Rice Warner actuaries have recently highlighted three key areas where self-managed superannuation funds (SMSFs) have distinct advantages over larger APRA regulated super funds.
Half of the baby-boomer generation has already retired, and the majority did so without receiving any formal financial advice. In addition, very few have built a longevity product into their retirement portfolio to prevent them outliving their retirement savings. Most large superannuation funds still run simple account-based pensions where all risks are borne by members.
Learning from SMSFs
Well over half of all Australia’s retirement assets are held within SMSFs, as it is structured sensibly to allow retirees to manage their finances with great control whether they do so alone or in conjunction with their financial adviser.
Despite their small size compared to the behemoth industry and retail superannuation funds, SMSFs have advantages in three key areas:
- Administration including fund and tax structure
- Financial advice
The key advantage of SMSFs is that they enable pooling of family superannuation. More than 85% of these funds have been set up for couples. A couple at retirement often have at least four underlying accounts within their SMSF, being an accumulation and a pension account for each partner.
Even when retired, an accumulation account is needed to take future contributions from any ongoing part-time work, or to hold assets exceeding the $1.6m Pension Transfer Balance cap. Moving from accumulation phase to pension phase does involve some paperwork, however the pooled investments of an SMSF don’t change so there is a relatively smooth transition.
This contrasts to APRA funds where the partners may not in the same fund, and where their accounts cannot be linked due to outdated administration platforms. Further, shifting from a MySuper accumulation product into a retirement product can be tedious with cumbersome paperwork.
As APRA funds look to provide advice to their members, they are hampered by holding only a part of a member’s financial assets, so any intra-fund advice does not capture enough information to do more than recommend moving out of accumulation into pension phase.
Some APRA funds provide comprehensive financial advice, they can struggle. It was no surprise to see QSuper withdraw from providing comprehensive financial advice recently. The problem facing big superannuation funds is the cost of delivery of this service and the heavy compliance risks. These costs usually exceed any revenue from the service which means they are subsidised by other members.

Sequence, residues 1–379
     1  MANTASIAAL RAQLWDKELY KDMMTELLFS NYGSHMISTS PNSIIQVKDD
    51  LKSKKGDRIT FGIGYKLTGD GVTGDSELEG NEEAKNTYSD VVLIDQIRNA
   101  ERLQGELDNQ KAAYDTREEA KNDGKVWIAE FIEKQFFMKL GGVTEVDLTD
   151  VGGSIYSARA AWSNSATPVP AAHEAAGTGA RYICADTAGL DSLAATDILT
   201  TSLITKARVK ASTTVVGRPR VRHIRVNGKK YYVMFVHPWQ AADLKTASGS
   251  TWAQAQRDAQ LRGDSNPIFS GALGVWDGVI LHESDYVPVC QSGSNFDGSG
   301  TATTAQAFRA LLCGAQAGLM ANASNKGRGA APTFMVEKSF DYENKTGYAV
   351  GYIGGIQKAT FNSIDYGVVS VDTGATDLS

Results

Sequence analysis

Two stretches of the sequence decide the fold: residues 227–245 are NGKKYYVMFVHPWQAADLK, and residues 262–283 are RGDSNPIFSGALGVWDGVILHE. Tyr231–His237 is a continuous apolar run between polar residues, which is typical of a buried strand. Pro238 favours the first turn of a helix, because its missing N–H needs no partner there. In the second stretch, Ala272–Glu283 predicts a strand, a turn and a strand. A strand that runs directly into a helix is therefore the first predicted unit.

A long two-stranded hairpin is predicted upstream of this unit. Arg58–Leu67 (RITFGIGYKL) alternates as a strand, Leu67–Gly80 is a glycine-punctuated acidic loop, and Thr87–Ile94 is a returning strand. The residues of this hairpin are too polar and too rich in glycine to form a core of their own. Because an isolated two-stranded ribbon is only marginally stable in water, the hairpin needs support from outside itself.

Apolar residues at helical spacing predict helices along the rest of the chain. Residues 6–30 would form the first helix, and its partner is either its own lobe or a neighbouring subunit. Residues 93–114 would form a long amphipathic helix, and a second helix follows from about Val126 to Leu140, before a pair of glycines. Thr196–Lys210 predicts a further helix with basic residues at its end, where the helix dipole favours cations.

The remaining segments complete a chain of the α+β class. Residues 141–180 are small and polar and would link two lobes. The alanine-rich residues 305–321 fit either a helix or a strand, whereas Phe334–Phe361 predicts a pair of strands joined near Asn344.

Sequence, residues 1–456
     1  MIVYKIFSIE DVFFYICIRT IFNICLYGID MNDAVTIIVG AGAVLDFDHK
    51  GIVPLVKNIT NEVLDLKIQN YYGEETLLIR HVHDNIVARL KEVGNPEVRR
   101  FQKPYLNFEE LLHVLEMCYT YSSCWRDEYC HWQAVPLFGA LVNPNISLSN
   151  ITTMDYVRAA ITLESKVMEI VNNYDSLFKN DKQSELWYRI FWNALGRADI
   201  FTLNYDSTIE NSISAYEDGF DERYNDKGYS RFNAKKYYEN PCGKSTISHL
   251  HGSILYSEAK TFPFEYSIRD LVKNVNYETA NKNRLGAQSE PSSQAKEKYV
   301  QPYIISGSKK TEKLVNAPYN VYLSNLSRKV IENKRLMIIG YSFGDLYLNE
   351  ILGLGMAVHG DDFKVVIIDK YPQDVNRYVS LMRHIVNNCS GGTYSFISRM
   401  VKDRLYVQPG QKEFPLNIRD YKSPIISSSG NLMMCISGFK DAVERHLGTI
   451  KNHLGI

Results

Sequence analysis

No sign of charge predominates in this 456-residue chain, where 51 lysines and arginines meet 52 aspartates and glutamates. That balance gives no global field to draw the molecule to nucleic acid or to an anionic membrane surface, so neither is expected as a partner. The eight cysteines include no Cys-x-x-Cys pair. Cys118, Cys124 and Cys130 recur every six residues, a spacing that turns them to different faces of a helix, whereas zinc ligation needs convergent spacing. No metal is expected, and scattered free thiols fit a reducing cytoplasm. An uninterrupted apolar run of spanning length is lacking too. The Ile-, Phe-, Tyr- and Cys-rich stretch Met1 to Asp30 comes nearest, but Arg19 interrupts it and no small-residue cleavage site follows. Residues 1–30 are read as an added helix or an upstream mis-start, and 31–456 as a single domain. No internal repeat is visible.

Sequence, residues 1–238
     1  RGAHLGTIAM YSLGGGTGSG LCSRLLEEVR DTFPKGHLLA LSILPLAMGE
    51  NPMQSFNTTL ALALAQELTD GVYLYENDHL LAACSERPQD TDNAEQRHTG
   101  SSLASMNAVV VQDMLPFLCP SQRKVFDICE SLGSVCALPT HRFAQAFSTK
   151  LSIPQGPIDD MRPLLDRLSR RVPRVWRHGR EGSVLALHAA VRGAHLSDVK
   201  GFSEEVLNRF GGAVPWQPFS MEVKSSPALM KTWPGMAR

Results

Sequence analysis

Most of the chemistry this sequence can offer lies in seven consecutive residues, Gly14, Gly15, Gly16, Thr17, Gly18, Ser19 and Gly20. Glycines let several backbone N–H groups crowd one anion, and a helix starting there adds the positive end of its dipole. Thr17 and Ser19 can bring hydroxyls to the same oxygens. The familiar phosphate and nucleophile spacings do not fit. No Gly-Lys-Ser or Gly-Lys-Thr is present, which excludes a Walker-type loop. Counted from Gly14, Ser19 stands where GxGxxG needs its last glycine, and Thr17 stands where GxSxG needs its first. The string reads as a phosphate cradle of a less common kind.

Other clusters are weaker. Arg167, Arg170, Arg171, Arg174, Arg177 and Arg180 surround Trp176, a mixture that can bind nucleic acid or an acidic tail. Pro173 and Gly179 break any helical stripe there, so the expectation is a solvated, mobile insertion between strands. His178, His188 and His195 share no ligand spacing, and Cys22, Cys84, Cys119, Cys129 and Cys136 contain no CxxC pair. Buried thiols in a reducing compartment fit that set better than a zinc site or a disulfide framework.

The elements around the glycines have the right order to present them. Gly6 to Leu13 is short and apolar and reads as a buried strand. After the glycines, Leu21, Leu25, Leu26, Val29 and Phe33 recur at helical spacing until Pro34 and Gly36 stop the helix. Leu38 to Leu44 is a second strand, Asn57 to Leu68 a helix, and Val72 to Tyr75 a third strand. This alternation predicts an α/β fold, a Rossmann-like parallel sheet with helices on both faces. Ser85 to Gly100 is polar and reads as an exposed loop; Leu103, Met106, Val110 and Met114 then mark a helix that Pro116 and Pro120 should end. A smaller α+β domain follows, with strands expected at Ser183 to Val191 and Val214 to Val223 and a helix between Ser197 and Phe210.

Even where a full pre-retirement plan is prepared for a couple, the member is simply moved into an account-based pension, but the partner is often left in their current fund’s retirement product. One of the reasons for this is the compliance cost of comparing the partner’s fund with the member’s fund – and the embarrassment if the partners existing superannuation fund is rated better or is more cost effective. However, leaving the members in separate funds does makes it more complex to review strategies in future years.
Holding the superannuation assets of a couple within the same fund, such as an SMSF, materially improves the ability to facilitate the delivery of better financial advice through a broader range of options available.
Most APRA funds have a single diversified (balanced) fund shaped around MySuper.
Some funds have introduced lifecycle investments and/or bucketing solutions to help members to manage sequencing risk, including sudden downturns in investment markets leading into and during retirement. However, the absence of longevity products means that members still take on the risk of living beyond life expectancy (running out of money) as well as taking all investment market risks.
A balanced fund is ideal for those saving for retirement, but it is not optimum for retirement where people need several accounts for different purposes. For example, this could include one account for making regular pension payments, a diversified fund to cater for the longer-term spending needs, and a separate allocation for longevity protection.
Once again, this is easier to structure for a couple with all their pension assets held in one place. It is also easier to manage the tax situation. It is well known that moving from accumulation to pension phase is not considered to be a CGT event, so deferred tax liabilities are released on retirement. Some APRA funds now pay a pension transfer bonus to partly compensate their members, but it is not as efficient as an SMSF.
Many SMSFs also benefit heavily from franking credits and from company buy-backs. Many SMSFs have a higher after-tax than pre-tax investment return.
Like APRA funds, SMSFs may generally lack longevity protection, apart from the safety net of the Age Pension for those who spend all their retirement benefits before they die. SMSFs can offset longevity risk by incorporating annuity products into their investment strategies.
This article is an abridged version of “What APRA funds can learn from SMSFs in building a retirement solution” posted on the Rice Warner actuaries website 10 July 2020.
SMSFs are not for everybody and the information contained in this article should not be construed as personal advice.
This information does not take into account any particular person’s objectives, financial situation or needs. Before acting on any information, you should consider the appropriateness of this information having regard to your personal objectives, financial situation or needs. We strongly recommend you obtain financial advice specific to your situation before making any financial investment or insurance decision.
If you have any questions in relation to this article please contact us.